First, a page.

by Maia Kobabe
“Gender Queer” is much in the news, with parents, right-wing and religious organizations — even the white supremacist Proud Boys — storming school board meetings to demand its removal from libraries.
Book banners group “Gender Queer” with other LGBTQ-themed works for young adult readers, a category of books they view as tools for grooming children, subversive propaganda designed to tempt girls and boys to explore and adopt alternate gender identities and sexual lifestyles. But they have a more specific issue with “Gender Queer”: the single page of Maia Kobabe’s 239-page graphic memoir they’ve actually read contains two panels they claim are pornographic.
So let’s cut to the chase. The illustrations in question depict a simulated blow job. Viewed out of context, it’s impossible to interpret them as anything but what they are. These two drawings are behind the “stop teaching porn” signs protesters wave at school board meetings.
Viewed in context, however, say by someone actually reading Kobabe’s graphic memoir and not just focusing on drawings forwarded to them by email, the illustrations depict a definitional moment in the memoirist’s life: as a lover pretends to fellate her, she realizes the sex play they’re engaged in isn’t at all what she imagined it would be; there’s no feeling, it isn’t real, it isn’t what she wanted after all. In context, the panels are anything but pornographic.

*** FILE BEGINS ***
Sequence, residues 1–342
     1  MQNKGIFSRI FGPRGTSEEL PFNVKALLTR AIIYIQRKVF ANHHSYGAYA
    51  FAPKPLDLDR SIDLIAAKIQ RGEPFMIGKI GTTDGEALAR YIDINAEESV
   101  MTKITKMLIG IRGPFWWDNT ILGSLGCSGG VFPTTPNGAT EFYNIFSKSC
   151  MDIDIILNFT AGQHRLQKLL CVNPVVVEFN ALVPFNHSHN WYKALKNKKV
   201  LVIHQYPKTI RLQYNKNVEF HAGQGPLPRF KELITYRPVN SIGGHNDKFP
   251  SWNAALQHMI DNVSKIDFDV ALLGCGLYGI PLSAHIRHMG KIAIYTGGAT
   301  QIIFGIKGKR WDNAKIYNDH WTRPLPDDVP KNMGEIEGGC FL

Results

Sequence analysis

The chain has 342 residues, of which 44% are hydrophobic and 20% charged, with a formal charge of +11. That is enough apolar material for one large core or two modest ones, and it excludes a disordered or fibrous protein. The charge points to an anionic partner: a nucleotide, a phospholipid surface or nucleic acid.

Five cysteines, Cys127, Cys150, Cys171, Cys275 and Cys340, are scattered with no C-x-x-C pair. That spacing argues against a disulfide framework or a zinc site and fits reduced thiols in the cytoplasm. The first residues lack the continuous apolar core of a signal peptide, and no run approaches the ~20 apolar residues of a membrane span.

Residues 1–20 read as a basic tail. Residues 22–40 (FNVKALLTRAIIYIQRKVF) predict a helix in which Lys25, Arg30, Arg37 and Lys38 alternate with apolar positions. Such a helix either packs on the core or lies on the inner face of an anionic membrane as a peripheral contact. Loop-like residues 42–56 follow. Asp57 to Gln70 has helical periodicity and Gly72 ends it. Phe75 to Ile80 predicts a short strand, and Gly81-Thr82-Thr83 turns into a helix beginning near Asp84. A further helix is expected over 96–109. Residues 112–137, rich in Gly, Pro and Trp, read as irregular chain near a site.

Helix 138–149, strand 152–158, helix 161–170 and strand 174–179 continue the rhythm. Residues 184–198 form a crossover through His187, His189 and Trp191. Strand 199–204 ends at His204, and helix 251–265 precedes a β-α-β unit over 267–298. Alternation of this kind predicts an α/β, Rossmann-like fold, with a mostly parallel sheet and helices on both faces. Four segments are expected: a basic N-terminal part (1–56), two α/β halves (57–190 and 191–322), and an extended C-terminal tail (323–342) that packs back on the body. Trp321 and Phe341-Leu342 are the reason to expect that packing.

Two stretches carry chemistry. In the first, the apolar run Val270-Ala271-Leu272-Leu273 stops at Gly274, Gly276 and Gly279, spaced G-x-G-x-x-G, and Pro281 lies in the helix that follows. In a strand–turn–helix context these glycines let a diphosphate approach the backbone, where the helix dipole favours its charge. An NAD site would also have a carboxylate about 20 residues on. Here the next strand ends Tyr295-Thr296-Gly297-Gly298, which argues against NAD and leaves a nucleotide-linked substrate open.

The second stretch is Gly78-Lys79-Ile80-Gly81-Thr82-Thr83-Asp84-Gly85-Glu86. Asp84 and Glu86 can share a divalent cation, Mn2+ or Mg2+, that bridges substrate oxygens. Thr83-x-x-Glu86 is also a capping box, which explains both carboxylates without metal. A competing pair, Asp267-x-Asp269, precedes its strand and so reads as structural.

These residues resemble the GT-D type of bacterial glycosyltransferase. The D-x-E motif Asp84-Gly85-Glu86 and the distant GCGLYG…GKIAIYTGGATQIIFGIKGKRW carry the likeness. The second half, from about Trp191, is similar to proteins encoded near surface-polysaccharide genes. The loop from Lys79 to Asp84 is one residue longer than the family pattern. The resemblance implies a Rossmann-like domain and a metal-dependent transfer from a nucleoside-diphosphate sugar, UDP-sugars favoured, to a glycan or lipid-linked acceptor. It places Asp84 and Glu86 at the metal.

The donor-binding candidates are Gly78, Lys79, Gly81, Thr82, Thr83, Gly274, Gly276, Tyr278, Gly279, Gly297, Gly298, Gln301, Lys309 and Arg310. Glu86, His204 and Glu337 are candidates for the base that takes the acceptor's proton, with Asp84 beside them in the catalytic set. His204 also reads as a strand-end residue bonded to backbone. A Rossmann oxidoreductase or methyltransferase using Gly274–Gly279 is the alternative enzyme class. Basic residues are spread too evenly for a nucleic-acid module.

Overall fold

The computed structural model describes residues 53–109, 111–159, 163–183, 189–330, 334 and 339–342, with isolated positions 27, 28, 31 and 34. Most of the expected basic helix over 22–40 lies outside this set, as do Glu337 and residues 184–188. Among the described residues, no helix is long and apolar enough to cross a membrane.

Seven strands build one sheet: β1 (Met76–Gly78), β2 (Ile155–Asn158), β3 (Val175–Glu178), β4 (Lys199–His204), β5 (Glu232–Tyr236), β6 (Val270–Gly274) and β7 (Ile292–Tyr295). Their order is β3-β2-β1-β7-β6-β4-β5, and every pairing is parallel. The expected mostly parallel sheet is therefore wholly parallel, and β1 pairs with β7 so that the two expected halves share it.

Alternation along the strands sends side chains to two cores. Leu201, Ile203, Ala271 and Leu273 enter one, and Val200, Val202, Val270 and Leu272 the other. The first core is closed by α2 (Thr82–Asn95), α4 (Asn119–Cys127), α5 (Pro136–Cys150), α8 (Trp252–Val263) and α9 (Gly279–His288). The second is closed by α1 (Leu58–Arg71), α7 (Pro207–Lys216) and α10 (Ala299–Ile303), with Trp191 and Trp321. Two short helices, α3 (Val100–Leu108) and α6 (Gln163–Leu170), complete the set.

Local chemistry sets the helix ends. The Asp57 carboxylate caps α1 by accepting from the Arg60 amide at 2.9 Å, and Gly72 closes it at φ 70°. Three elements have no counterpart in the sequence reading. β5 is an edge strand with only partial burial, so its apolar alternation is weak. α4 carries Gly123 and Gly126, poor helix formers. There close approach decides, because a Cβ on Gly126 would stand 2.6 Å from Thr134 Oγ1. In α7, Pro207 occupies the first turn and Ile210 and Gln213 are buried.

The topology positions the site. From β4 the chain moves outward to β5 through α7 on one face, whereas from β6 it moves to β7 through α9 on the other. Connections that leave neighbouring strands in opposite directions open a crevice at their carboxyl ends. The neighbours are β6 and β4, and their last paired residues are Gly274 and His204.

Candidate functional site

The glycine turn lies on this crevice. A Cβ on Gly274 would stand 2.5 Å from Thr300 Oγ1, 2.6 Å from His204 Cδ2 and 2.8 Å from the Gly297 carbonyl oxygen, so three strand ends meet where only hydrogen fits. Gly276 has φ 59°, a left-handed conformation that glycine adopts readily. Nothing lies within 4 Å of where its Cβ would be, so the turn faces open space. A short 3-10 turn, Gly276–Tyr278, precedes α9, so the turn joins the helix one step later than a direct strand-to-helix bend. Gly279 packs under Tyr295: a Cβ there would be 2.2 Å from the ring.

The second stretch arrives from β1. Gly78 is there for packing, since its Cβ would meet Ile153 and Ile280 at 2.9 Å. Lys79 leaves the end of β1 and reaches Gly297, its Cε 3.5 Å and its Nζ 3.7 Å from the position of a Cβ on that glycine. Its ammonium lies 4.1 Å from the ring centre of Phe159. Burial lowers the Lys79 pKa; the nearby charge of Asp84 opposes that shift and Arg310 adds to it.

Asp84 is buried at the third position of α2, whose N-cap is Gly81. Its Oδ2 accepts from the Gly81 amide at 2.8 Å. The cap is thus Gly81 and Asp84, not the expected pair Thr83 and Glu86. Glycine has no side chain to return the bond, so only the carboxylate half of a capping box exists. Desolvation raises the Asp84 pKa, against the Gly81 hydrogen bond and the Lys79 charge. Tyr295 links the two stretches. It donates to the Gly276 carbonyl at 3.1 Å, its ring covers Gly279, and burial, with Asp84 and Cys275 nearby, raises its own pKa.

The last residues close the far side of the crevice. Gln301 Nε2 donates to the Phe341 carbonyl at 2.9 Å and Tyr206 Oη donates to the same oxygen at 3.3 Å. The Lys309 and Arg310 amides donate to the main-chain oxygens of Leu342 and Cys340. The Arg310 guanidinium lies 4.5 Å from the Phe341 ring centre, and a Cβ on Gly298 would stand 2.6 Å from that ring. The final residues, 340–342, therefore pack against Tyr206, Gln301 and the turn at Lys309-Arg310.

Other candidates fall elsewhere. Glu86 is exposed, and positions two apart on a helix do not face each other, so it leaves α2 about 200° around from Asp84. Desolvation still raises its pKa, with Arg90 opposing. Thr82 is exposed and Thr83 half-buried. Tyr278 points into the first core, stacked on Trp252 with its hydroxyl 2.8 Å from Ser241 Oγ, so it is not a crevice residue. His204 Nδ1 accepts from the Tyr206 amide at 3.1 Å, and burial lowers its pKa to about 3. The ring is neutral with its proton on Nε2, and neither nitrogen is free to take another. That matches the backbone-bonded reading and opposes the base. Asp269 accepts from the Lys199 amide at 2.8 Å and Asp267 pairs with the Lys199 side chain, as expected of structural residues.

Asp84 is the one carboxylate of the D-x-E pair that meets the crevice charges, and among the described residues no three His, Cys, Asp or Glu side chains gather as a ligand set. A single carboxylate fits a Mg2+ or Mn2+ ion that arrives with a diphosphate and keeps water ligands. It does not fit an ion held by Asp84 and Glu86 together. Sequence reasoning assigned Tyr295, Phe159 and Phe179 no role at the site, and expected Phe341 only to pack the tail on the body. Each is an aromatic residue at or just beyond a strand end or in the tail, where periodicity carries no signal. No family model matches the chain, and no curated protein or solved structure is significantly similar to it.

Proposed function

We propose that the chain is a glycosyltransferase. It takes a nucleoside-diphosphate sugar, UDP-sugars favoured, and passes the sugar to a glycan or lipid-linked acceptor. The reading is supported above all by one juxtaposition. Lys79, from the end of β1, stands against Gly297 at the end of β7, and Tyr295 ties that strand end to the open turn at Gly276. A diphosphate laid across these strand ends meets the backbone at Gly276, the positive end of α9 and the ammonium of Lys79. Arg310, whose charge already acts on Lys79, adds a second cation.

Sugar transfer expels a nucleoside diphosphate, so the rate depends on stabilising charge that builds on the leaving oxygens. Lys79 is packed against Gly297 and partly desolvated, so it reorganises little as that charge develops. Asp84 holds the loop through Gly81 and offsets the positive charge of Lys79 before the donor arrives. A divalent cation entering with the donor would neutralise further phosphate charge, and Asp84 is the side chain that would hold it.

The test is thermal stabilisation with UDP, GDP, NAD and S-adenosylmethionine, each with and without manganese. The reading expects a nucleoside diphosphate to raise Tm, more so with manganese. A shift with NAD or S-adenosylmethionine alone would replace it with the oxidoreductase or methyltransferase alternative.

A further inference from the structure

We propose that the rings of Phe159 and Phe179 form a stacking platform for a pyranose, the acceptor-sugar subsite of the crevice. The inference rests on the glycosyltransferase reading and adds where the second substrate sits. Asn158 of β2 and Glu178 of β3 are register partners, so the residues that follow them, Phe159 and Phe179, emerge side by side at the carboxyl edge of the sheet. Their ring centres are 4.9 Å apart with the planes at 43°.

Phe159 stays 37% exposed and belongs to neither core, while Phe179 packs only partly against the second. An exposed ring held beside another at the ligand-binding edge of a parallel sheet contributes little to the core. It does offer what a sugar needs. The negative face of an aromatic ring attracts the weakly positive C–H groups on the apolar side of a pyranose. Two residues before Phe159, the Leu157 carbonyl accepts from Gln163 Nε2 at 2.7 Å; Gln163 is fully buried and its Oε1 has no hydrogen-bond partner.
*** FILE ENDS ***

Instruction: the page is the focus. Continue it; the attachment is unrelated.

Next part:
Some young adult readers will be on paths similar to the one Maia Kobabe is taking toward self-recognition and acceptance. Like Maia, those readers probably feel isolated and alone. “Gender Queer” will help them find validation, surely a good thing. Hey, it’s not just me, after all! Other young adult readers, working out gender identity and sexuality in different ways from Maia’s, will find validation as well. If Maia’s way isn’t for them, at least they’ll know others their age also struggle to discover who they are.
The key word in “young adult readers” is “adult.” Because that’s what these readers are, and part of adulthood is defining and accepting ourselves. I know it’s anathema to conservative and religious parents, never mind outside agitators looking to impose an authoritarian theocracy on the rest of us, but adulthood begins in high school and high school libraries ought to offer books to help students become adults. Including LGBTQ-themed ones. Even ones that mention blow jobs.
Colbert I. King, in a Washington Post column dated Nov 17, 2021 (link), offers these thoughts, which I very much take to heart:
“Kobabe’s book is not just for the benefit of gay, lesbian and bisexual youth. Or high-schoolers working through trans and nonbinary identities. It’s also for so-called enlightened folks such as myself who once had no clear idea what people discussing transgender and nonbinary issues were even talking about.”
p.s. I tried to avoid using conventional pronouns in reference to the author, who prefers gender-neutral ones. But I am old and can’t get past the cringiness of the singular they, let alone e, em, and eir.
© 2021 – 2022, Paul Woodford. All rights reserved.